College stigmas influence student choices

Creative Commons Photo Courtesy of John Phelan

CHS alumna Jackie Geller of Manalapan currently attends Boston College, a prestigious school many CHS students apply to each year.

Emily Toro

On the night of Apr. 30, high school seniors across the nation scramble to pick their home for the next four years. May 1 is National Decision Day, and for many students, the culmination of years of small decisions.

Guidance counselor Sandra Gidos said that many students often opt for name recognition over affordability.

“A lot of students want a certain name where they go to college and see their flag on the cafeteria wall,” Gidos said.

Many students, including senior Alyssa Rasp of Hazlet, said that the pressure surrounding where to apply and ultimately accept stems from not only oneself, but one’s parents and peers.

“Pressure comes from my parents and also Communications High School because people judge you if you go to a lesser school,” Rasp said.

Class of 2018 alumna Jacqueline Geller of Manalapan is a first year student at Boston College. Geller said that the pressure to succeed from the CHS environment influenced her to apply to Ivy League schools.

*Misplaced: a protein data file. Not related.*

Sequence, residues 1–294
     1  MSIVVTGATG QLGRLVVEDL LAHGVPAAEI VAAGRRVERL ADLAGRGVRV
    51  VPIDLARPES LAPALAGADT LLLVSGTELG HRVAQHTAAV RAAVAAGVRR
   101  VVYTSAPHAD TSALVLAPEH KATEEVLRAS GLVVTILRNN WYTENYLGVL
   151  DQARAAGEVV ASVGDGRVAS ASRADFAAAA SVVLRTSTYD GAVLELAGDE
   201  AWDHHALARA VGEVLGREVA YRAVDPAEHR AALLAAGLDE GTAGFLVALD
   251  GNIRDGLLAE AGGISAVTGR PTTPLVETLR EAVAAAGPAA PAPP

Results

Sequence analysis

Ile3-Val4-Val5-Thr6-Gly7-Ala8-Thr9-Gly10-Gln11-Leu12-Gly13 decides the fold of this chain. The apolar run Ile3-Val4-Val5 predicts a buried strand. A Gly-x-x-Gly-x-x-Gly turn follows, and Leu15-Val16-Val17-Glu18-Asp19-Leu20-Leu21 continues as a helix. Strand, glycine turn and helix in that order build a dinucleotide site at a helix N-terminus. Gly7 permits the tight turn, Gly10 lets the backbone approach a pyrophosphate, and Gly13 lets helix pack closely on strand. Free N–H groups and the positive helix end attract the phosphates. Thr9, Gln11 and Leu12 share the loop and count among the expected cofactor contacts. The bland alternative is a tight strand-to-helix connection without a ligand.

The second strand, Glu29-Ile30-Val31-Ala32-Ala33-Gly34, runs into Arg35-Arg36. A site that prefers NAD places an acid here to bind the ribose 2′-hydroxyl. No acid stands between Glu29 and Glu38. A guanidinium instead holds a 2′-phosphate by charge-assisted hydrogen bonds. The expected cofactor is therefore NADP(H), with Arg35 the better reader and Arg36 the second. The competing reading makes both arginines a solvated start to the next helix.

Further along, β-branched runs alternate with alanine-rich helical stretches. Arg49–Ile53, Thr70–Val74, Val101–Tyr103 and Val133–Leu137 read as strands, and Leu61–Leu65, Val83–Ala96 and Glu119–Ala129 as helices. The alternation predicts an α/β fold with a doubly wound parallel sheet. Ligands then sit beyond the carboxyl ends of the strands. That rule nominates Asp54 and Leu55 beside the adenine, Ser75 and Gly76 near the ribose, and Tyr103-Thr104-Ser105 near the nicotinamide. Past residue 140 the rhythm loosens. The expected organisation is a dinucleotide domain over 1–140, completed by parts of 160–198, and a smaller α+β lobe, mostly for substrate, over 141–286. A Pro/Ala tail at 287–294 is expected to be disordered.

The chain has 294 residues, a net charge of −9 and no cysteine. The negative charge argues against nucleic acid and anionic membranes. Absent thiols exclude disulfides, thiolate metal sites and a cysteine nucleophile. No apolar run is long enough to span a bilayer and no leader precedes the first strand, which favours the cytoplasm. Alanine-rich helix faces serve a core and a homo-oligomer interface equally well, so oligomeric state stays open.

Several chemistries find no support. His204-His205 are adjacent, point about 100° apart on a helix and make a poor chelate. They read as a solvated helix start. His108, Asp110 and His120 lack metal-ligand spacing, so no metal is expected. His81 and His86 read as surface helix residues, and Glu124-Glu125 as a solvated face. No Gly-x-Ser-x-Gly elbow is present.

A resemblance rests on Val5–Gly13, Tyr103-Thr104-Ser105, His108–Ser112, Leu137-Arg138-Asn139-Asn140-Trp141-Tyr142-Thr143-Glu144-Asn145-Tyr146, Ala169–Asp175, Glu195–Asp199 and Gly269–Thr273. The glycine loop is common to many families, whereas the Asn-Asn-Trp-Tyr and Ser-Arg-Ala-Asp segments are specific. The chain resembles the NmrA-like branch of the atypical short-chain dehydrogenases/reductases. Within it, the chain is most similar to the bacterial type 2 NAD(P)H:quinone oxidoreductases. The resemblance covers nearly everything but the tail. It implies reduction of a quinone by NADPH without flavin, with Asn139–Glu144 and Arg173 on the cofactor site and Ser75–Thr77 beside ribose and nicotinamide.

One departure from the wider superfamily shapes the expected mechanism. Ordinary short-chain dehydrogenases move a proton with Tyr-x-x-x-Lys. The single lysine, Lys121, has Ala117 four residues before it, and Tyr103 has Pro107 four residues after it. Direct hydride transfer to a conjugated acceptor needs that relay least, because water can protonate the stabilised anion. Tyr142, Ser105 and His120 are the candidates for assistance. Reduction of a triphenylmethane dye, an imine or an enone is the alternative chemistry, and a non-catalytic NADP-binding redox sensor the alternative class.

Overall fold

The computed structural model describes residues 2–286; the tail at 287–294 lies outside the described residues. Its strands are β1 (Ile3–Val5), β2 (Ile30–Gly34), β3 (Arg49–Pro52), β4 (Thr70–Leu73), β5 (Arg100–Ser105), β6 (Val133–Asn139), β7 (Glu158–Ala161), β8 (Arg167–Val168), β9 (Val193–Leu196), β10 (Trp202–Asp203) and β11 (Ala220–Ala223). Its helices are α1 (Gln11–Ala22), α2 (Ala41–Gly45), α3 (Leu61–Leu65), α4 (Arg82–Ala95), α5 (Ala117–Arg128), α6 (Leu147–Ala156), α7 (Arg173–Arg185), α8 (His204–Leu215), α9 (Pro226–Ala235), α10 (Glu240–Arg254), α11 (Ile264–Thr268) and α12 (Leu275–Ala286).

“Everyone is so academically motivated at CHS… with that being said, tons of people in my class, including me, applied to Ivy Leagues and other prestigious school,” Geller said.

Although many students are inclined to attend schools with name recognition, others regard college as more of a financial decision. Junior Julia Rocco of Marlboro said she feels there are false stigmas surrounding community colleges, despite their lower cost.   

“People think [community] colleges aren’t as good or feel that going to them shows you’re not as smart,” Rocco said. “People are starting to realize it is more of a financial decision and a prestigious school is not always as realistic.”

In fact, starting at a community college could reduce the total cost of a bachelor’s degree by more than $20,000, according to Forbes.

Class of 2018 alumna Grace Maloney is a first year student at Brookdale Community College. Maloney said that while stigmas existed during her college decision, they ultimately did not affect her.

“When I decided I was going to Brookdale it was a little bit of a let down at first,” Maloney said.“I knew I wanted to go away but I couldn’t justify putting myself in debt to get an education.”

Maloney said that despite any negative connotations surrounding community college, she was ultimately happy with her choice.

“No matter where you go, college is what you make of it and as long as you’re happy there, then it’s all good,” Maloney said.